A lot has been made about the 3D printing of electronics. As 3D printing technology has progressed over the past couple of years, we have begun to see both 3D printers and 3D printing materials come to market which enable individuals to print parts of electronic devices — mostly conductive traces. However, while we are still probably years away, if not longer, from being able to 3D print entire working electronics from scratch, there are individuals and companies experimenting with ways to 3D print objects with electronics embedded within. We’ve seen this several times already with the use of FDM/FFF 3D printers, but now researchers from the Advanced Manufacturing Research Centre (AMRC), led by Mike Locking, have successfully shown that it is possible to embed electronics within SLA 3D printed objects as well.
Researchers were able to create a working USB Flash (Pen) drive, which was encased using SLA 3D printing technology on a 3D Systems Projet 6000 printer. Basically how they accomplished this was by using 3D Systems’ 3DManage software to create an encasement for their flash drive components. This encasement, which typically would be 3D printed in two separate pieces, and then manually assembled in order to incorporate the electronics required to function, was instead modified using 3DManage to keep the part as one single unit, while removing the computer generated internal supports.
The internal supports are normally created for an object where there are overhangs of at least 36%, as these parts can not withstand gravity on their own. However, because the researchers were planning to insert the flash drive’s components during the print job, this allowed for the removal of the supports. The electronic components themselves could function as reliable support structures during the printing of the overhangs.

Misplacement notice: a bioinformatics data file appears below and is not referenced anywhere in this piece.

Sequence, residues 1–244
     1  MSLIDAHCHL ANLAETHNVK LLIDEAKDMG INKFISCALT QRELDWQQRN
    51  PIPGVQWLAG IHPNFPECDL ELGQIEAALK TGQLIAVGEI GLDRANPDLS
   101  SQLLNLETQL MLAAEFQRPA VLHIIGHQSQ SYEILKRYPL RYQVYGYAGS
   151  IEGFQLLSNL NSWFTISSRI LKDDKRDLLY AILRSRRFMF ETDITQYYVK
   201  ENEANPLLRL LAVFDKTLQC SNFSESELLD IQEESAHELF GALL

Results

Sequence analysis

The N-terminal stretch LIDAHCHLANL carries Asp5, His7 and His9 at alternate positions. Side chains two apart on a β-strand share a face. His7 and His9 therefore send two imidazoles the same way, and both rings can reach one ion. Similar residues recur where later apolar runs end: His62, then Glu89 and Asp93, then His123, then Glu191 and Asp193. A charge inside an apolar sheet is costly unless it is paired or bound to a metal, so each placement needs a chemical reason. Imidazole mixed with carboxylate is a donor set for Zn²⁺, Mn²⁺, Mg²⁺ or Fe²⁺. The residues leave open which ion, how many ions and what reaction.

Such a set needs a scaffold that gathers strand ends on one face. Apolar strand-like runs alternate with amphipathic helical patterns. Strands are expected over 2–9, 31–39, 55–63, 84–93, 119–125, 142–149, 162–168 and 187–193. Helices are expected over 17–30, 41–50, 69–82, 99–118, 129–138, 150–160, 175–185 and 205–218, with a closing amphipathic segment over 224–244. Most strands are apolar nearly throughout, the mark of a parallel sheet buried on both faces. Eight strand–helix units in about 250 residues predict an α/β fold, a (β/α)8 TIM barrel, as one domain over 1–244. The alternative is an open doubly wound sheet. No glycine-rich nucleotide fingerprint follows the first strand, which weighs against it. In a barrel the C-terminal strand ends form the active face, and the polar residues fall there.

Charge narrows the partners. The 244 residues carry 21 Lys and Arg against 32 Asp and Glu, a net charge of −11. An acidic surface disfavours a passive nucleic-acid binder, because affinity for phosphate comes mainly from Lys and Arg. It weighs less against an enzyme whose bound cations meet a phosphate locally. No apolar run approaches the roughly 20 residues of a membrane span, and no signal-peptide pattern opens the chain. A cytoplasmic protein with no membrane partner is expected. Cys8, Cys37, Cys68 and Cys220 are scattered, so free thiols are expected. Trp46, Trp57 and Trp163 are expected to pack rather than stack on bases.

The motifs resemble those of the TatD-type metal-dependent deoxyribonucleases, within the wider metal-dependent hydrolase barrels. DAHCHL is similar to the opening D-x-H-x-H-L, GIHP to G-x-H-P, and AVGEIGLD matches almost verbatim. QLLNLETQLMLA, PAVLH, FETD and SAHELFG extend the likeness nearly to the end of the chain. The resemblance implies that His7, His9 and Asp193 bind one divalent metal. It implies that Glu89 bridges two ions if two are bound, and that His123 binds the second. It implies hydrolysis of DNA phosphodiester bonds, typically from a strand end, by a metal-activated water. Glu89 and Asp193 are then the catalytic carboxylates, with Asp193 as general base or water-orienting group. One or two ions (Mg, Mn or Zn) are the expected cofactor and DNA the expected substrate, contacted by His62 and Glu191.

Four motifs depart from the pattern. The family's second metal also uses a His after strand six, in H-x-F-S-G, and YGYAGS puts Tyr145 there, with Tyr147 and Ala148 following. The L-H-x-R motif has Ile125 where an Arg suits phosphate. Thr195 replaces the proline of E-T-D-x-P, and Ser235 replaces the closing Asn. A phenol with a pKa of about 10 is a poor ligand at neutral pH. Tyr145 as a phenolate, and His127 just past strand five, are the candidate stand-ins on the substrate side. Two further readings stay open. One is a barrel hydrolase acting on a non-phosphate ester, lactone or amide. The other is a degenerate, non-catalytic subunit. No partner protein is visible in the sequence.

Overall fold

The print job for the flash drive encasing, which consisted of 90 3D printed layers, was paused after the 70th layer was finished printing. This allowed the researchers to insert the flash drive components, as it provided them with a 0.2mm clearance between the component and the top face of the void. Printing was then resumed and the job was complete.
“A clearance of 0.1 mm was applied to all sides of the part to ease insertion of the component,” the researchers at AMRC explain. “Once the component is in place, the build resumes. The 0.1 mm and 0.2 mm clearance gaps around the component will be filled with uncured epoxy resin, which remains uncured until the post-processing operation of fully curing the part in the UV chamber. Prior to fully curing other essential post-processing work includes cleaning the part and removing support material”
Once completely printed and cured, the USB drive was inserted into a PC to test its functionality. The results? A complete success!
While, this may not seem all that impressive, the idea behind it could open up a lot of doors for SLA 3D printing technology within many fields. The ability to 3D print electronics, which are fully encased in hardened resin, could provide for plenty of potential uses.
“Embedding components during the SLA process has the potential to reduce post-processing times by permanently securing components into parts without further assembly operations,” the researchers explained. “Components encapsulated within SLA parts may also benefit by minimising the ingress of dust and liquid, or impact in harsh environments. “
It should be interesting to see how this research progresses and whether or not we begin to see more uses of this unique method of embedding electronics into 3D printed SLA objects. What do you think about the potential that this technique has? Discuss in the Embedded Electronics in SLA Printed Objects forum thread on 3DPB.com.